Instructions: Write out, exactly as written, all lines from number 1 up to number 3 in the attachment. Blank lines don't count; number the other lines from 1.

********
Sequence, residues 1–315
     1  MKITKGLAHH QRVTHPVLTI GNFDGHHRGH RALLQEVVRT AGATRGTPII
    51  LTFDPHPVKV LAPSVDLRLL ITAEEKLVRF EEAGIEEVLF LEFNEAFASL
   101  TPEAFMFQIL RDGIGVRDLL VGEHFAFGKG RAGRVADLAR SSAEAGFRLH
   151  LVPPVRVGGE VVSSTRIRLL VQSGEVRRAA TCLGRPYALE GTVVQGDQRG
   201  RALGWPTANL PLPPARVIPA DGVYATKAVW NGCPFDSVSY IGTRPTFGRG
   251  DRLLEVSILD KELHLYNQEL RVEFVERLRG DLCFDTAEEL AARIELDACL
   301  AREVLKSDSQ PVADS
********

Sequence, residues 1–315
     1  MKITKGLAHH QRVTHPVLTI GNFDGHHRGH RALLQEVVRT AGATRGTPII
    51  LTFDPHPVKV LAPSVDLRLL ITAEEKLVRF EEAGIEEVLF LEFNEAFASL